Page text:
Spiritualism quickly spread to the UK, where the Spiritualist movement began in Yorkshire - at Keighley in 1853. In that year Mr David Richmond of the Shakers Movement of America brought news of spiritual phenomena to Mr David Weatherhead of Keighley. In June 1853 three lectures were held at the Working Men's Hall in Keighley. These were given by David Richmond assisted by David Weatherhead. Thereafter Keighley was the first town to have a Spiritualist society. Spiritualism quickly spread to all regions of the UK, and many more local societies were formed.

In 1871, through the mediumship of Emma Hardinge Britten, the spirit of Robert Owen communicated five basic and fundamental principles of Spiritualism.

The first Spiritualist organisation in the UK was the Spiritualist Association of Great Britain, (SAGB), formed in 1872 by a group of Spiritualists, who first met in Marylebone. They called themselves "The Marylebone Spiritualist Association". The name was changed to the Spiritualist Association of Great Britain in 1960.

Attempts were made to bring together the various individuals, Spiritualist churches, groups and societies in the whole of the UK, and the concept of a national federation of Spiritualist churches was discussed and written about in 1889 by Emma Hardinge Britten in the ‘Two Worlds’ magazine, which she had founded in 1887. Emma arranged many meetings and in July 1890 the first national conference of Spiritualists was held in Manchester. At this Conference Emma advocated her five principles as the basis of Spiritualist philosophy, which later became the Seven Principles of SNU Spiritualism. Other resolutions were carried unanimously establishing a "Spiritualists' National Federation". This changed its name to "The Spiritualists' National Union" in October 1901, when the Spiritualists National Union Limited (SNU), was incorporated under the Companies Act. The primary objectives of the SNU was "to promote the advancement and diffusion of a knowledge of the religion and religious philosophy of Spiritualism on the basis of the Seven Principles".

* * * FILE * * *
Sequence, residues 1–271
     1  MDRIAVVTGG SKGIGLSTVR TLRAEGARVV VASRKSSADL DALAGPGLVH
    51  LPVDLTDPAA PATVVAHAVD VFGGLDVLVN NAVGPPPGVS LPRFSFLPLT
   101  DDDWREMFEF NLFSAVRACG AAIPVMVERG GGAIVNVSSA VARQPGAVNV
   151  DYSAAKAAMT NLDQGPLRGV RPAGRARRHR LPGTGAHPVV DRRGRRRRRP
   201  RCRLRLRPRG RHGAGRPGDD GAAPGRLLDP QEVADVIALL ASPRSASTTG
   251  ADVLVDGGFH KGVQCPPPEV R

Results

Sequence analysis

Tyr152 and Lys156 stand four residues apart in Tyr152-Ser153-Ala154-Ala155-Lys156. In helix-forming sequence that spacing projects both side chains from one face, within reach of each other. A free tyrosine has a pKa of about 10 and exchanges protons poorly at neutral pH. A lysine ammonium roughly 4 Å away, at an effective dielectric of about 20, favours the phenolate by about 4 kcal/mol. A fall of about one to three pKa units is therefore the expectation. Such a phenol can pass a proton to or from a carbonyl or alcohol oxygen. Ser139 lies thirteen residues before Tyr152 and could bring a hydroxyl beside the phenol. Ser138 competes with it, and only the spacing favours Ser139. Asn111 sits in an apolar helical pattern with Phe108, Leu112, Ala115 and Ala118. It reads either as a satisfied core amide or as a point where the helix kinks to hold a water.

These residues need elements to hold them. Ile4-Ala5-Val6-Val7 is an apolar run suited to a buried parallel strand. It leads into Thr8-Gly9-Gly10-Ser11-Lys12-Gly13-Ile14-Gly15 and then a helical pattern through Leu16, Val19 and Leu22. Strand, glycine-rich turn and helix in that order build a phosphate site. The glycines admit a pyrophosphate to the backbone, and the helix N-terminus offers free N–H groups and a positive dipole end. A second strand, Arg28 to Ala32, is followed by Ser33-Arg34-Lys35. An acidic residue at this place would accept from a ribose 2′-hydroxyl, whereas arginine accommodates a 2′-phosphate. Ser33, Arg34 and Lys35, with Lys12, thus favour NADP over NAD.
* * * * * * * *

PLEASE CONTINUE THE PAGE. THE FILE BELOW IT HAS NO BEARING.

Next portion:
During The First World War, the SNU was responsible for organising memorial services for the war dead, along with campaigning for government recognition for Spiritualism as a religion. This was not achieved until 1951 with the passing of 'The Fraudulent Mediums' Act'. In 1964 the SNU was given a permanent home by J. Arthur Findlay who was a wealthy Spiritualist, and author of "The Curse of Ignorance" and "The Rock of Truth", when he bequeathed Stanstead Hall to them, "to be used as a college for the advancement of psychic science", which it remains to this day.

Share this post

Submit to DeliciousSubmit to DiggSubmit to FacebookSubmit to Google PlusSubmit to StumbleuponSubmit to Twitter